Jan 242014
 
I despised Thank You Notes before I understood them.

I despised Thank You Notes before I understood them.

I’m from New York, where people value honesty, sincerity and individuality. Up there, you’re expected to tell it like it is and to be yourself. Southerners, on the other hand, value polite formality. Here there are rules about what to say and do, and when to say and do them, and with whom you say and do them, and what you wear when you say and do them, on and on. Learning those rules has been a fifteen year journey that has been difficult and confusing. Fortunately, my awesome Southern wife has helped tremendously. Over the years I’ve learned enough that not only can I manage reasonably well, but I have come to appreciate just how liberating polite formality can be. Here’s a recent example.

We went to a family funeral last week. After the funeral, there was a reception at the home. At the reception there was food. All of these are things that would happen in the North. What was different about this was that not only did a group of women bring the food to the house and set it up, they stayed. At the home. During the meal. They weren’t family or friends of the deceased, but rather a group of friends from church. They organized the entire meal, set it up, then stayed and did all the little things to make sure guests and hosts got to visit with one another.  Up North, having friends be at your house serving food would create, at the very least, a little anxiety. The hosts would be worried about how the servers were doing, would want them to feel welcome and included, and would do at least a little fussing over them. That didn’t happen here. They weren’t ignored by any means. They were most definitely thanked, and the hosts were certainly concerned with their well being.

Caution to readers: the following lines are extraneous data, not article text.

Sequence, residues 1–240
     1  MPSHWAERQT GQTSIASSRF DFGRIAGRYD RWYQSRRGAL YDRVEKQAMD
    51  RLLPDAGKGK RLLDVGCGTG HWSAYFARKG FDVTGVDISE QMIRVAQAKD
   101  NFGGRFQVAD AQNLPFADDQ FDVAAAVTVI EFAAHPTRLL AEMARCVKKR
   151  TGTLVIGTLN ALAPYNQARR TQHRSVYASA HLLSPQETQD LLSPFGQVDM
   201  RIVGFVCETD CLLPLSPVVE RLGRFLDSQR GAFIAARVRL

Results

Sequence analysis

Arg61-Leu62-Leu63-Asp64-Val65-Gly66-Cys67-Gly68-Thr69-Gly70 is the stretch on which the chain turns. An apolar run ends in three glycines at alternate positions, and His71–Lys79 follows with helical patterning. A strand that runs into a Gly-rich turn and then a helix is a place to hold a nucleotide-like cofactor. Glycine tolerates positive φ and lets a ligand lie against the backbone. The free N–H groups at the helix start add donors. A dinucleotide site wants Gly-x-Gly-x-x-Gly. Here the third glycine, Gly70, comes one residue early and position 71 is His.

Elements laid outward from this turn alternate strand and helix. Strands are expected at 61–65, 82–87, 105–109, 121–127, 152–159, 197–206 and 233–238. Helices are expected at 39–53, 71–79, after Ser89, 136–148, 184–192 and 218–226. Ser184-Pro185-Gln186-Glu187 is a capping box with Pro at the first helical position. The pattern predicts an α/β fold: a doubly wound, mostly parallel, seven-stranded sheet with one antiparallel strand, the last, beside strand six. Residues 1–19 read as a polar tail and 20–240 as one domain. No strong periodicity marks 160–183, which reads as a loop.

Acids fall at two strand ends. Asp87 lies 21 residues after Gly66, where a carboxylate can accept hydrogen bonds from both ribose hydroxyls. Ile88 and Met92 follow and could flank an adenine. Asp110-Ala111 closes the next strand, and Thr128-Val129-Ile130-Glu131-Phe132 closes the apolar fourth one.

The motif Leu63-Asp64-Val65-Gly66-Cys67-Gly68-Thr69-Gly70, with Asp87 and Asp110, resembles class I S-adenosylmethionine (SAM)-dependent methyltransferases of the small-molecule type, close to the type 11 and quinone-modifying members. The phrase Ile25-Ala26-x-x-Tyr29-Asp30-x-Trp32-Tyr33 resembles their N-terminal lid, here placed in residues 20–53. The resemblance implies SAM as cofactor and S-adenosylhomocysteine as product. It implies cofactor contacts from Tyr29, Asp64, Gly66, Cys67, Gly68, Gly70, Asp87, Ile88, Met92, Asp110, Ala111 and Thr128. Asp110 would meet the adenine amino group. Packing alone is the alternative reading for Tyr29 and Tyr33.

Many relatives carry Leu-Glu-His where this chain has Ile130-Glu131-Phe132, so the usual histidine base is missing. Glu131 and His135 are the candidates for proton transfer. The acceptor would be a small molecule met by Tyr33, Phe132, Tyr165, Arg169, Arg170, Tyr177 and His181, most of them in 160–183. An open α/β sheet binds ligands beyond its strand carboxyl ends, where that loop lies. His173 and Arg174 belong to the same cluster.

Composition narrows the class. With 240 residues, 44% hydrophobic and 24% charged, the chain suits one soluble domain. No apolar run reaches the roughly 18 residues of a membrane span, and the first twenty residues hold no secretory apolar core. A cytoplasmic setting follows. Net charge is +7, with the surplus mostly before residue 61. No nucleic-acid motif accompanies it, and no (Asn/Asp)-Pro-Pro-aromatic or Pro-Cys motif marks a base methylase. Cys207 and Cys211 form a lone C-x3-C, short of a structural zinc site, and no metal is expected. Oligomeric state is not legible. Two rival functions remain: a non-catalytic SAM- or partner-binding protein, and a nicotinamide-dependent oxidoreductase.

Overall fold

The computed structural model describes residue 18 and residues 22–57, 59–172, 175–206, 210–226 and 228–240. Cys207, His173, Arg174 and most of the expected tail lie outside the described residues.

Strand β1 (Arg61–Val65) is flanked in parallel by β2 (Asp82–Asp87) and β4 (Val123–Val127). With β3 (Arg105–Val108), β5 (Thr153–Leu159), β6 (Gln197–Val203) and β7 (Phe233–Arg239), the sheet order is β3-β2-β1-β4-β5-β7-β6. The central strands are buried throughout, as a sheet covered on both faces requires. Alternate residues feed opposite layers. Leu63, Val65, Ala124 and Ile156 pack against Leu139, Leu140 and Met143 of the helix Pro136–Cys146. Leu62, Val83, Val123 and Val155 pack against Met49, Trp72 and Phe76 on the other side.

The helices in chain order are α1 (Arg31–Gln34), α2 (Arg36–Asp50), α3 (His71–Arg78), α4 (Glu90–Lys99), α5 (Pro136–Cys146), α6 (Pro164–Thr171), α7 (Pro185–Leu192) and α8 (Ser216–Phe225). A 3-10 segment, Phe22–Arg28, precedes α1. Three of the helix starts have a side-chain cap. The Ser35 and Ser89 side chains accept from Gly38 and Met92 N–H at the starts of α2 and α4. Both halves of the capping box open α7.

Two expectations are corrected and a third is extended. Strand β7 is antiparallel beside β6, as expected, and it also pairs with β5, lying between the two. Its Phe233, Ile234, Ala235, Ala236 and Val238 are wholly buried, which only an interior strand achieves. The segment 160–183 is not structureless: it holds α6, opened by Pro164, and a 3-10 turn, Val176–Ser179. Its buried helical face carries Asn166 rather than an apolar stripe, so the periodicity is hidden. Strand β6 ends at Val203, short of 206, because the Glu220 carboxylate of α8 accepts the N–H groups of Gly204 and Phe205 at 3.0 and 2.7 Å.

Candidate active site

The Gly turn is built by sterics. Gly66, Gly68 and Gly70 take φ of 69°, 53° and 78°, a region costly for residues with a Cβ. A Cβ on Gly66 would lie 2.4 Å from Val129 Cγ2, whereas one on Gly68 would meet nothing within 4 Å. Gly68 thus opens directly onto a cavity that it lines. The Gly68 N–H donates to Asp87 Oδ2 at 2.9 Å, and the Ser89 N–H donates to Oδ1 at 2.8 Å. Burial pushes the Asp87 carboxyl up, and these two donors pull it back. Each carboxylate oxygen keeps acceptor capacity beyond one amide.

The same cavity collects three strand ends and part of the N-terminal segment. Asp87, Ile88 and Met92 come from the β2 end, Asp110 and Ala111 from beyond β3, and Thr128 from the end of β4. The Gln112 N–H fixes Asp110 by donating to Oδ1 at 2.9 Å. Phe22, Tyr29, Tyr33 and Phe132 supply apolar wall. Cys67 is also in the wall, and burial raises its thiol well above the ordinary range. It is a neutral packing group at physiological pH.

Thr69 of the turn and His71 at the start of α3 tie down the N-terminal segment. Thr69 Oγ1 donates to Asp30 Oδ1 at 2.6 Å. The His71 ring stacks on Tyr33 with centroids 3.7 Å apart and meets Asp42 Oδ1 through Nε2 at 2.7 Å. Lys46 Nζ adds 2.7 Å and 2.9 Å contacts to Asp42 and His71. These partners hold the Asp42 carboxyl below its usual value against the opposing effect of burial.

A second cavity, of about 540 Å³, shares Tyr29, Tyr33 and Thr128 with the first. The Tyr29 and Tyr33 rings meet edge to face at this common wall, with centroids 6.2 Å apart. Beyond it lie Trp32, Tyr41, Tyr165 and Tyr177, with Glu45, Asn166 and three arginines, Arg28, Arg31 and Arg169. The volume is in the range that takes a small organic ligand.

But there was no anxiety.

That’s because everyone knew the appropriate way to thank these people, and it wasn’t by fussing over them or making sure they made conversation. It was with verbal thanks, a hug, and later the vital note of thanks. That will suffice, because that’s what formality dictates. That’s how you say ‘thank you,’ and everyone knows it, including those being thanked. They felt appreciated, the hosts and guests felt loved and supported by their work, and everyone could feel good about the whole experience without hardly any anxiety at all. Well, as good as you can after a funeral.

The problem with the informality of the North is that people seldom know where they stand. Without rules, it’s difficult to tell if you have served someone well enough, thanked them enough, or really done anything enough. It’s all individual, and that’s more confusing than if there are rules. What I’ve learned is that rules simplify communication. You have to know the rules, obviously, which is where I’ve struggled in the past. But once you know the rules then formality really does make it easier to have relationships, and it’s something I’ve come to appreciate about the South.